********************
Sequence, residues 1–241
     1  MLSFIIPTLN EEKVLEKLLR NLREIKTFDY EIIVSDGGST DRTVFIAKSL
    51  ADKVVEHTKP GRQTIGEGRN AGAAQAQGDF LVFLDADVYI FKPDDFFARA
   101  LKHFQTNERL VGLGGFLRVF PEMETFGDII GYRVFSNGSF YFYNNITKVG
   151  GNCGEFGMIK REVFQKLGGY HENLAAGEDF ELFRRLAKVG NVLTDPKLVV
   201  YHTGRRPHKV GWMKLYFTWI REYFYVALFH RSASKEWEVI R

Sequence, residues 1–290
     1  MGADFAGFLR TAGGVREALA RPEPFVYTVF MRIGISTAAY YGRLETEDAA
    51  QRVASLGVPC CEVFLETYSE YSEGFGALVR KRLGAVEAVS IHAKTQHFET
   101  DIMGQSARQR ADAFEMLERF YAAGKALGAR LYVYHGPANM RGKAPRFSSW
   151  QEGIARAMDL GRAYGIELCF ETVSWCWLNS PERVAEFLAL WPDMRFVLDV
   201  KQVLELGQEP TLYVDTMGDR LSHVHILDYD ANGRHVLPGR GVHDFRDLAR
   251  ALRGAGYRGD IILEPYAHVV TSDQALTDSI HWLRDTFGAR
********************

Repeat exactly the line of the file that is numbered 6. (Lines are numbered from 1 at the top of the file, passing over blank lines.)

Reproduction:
   201  YHTGRRPHKV GWMKLYFTWI REYFYVALFH RSASKEWEVI R